Unveiling the Genetic Tapestry of Devon’s Honey Bees

by | Mar 12, 2024 | News

At Andrew Brown Dental in Tavistock, we believe in supporting initiatives that promote environmental conservation and biodiversity. That’s why we’re proud to support The B4 Project, an organisation dedicated to protecting the UK native dark bee – Apis mellifera mellifera. Through our commitment to 1% for the Planet, we contribute to the vital work of The B4 Project in safeguarding the genetic diversity of honey bee populations. In 2023, The B4 Project commissioned Pollenize to investigate the degree of hybridisation of honeybees in Devon, with samples analysed by BeeBytes. The results of this study shed light on the genetic makeup of local honey bee populations, revealing surprising levels of hybridisation and the persistence of native genetics. Let’s explore the intricate world of honey bee genetics together.


The native honey bee subspecies, Apis mellifera mellifera, has long been interbred with imported subspecies from Italy and Eastern Europe, blurring the lines of genetic purity in UK honey bees. Ongoing research aims to assess the extent of hybridisation and the survival of native genetics amidst this intermingling.

Honey Bee Sampling

To evaluate hybridisation in Devon, beekeepers submitted samples from their colonies for analysis. Each sample, representing an individual adult honey bee, underwent admixture analysis alongside data on colony location and history.

Statistical and Admixture Analysis

Analysis of 165 honey bee samples unveiled a spectrum of genetic admixture, with varying degrees of M lineage (native) and C lineage (imported) dominance. On average, M lineage ancestry stood at 58%, challenging assumptions about the extinction of native bees due to historical diseases.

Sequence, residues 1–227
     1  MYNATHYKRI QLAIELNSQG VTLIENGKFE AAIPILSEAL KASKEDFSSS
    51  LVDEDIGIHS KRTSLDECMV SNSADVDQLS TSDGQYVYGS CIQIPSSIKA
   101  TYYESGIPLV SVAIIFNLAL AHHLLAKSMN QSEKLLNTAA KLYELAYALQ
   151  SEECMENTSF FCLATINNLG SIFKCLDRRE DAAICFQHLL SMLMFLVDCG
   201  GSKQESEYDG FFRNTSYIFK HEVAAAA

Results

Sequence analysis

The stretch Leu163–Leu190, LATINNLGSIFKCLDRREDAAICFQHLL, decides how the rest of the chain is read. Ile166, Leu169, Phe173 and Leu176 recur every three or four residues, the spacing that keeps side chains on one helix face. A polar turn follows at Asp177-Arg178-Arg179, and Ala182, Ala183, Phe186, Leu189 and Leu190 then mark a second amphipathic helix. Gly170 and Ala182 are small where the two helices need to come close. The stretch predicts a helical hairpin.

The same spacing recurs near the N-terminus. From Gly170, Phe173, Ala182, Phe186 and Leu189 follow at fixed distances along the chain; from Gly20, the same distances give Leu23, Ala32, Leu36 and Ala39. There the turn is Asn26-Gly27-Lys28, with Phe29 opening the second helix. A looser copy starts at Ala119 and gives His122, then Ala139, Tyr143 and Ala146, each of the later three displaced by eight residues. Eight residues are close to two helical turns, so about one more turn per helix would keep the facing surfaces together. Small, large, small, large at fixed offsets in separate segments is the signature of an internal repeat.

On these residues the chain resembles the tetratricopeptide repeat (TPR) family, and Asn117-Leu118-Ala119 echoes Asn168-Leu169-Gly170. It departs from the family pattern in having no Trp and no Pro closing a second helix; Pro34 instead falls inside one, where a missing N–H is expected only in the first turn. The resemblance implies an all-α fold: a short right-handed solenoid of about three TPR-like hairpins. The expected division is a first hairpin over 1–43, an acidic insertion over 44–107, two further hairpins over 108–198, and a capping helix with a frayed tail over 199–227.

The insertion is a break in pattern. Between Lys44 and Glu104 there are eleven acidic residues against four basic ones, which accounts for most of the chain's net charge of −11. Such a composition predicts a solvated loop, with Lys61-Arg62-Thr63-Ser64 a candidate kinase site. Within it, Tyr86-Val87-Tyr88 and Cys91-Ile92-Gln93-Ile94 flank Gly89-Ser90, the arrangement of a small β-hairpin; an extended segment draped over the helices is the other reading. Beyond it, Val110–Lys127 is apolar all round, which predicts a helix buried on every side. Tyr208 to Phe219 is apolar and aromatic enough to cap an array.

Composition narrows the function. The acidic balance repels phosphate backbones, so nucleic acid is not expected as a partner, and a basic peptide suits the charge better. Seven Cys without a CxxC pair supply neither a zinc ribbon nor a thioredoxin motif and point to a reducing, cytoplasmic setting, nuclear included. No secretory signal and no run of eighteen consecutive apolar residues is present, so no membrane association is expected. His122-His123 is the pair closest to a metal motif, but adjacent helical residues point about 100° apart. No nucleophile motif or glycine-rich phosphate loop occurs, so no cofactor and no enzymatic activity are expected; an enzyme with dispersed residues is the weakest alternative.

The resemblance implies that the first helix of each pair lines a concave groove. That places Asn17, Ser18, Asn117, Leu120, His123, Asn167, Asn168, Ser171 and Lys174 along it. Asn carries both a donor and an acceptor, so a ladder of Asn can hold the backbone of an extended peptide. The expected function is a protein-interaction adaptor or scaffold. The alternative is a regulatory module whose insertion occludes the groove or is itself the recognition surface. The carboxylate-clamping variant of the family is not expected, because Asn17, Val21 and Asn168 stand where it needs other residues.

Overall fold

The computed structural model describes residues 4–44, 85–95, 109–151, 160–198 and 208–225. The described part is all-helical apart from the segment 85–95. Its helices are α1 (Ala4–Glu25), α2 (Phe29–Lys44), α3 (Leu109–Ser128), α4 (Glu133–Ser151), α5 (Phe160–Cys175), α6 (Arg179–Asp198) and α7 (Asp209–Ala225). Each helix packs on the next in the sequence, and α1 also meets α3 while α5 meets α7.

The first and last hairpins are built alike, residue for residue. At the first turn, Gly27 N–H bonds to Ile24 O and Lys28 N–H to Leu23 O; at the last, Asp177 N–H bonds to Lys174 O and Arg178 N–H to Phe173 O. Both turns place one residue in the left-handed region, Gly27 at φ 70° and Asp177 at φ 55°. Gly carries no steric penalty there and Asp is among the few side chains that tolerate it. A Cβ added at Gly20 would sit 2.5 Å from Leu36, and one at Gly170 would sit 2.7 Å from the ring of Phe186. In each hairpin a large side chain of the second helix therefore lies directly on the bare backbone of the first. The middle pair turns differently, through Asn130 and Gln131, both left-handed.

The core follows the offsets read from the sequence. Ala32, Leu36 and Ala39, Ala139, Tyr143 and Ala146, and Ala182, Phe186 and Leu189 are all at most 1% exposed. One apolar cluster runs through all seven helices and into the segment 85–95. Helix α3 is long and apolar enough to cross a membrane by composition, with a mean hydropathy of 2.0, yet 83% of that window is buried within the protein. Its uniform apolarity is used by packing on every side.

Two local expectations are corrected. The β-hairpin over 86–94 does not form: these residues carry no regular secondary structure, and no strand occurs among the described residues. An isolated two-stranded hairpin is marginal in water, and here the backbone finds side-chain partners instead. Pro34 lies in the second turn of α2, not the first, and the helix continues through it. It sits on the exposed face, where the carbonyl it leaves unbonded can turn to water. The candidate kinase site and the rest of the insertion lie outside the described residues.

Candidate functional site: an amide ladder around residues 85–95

Geographical Analysis

Surprisingly, there was no clear geographical pattern in admixture proportions. Neighbouring colonies displayed diverse M and C lineage scores, hinting at cross-mating and colony movement. Further investigation is necessary to unravel these complexities fully.

Beekeeper Responses

Beekeepers’ input provided insights into colony histories, correlating specific lineage claims with genetic admixture results. While M lineage claims were widespread, explicit C lineage claims were sparse, suggesting potential hybridisation post-introduction.

Report Conclusion

The Devon study illuminates the intricate realm of honey bee genetics, revealing the persistence of native heritage amidst hybridisation. These findings challenge prevailing narratives of native bee extinction and underscore the importance of conserving genetic diversity. Continued research is vital to comprehend the dynamics of hybridisation and its implications for honey bee populations.

Report Discussion

If you would like to read the complete report, you can download it here. We B4 is are delighted to bring together the key people behind the study, who will present and discuss their findings with Devon beekeepers in a short Zoom call hosted by the Tavistock Branch of DBKA. Please join us if you possibly can – the Zoom meeting details are provided below.

Presented by

Matthew Richardson – BeeBytes
Norman Carreck
Mark Barnett – BeeBytes
Will Bayfield-Farrell Pollenize

The presentation will last approximately 20-30 minutes, followed by a 30-minute Q&A session, making the total time commitment less than an hour.

Topic: The Devon Honeybee Lineage Report
Time: Apr 1, 2024 07:00 PM London

Join Zoom Meeting – Zoom Meeting Link

Meeting ID: 863 2725 4557

By unraveling honey bee genetics, researchers aim to inform conservation strategies and mitigate the impact of hybridisation on pollinator populations. At Andrew Brown Dental, we’re committed to supporting The B4 Project’s efforts through our partnership with 1% for the Planet. Together, we contribute to the preservation of honey bee populations and the vital role they play in our ecosystem. Honey bees are not just insects; they embody a rich genetic legacy, highlighting the interconnectedness of life on our planet.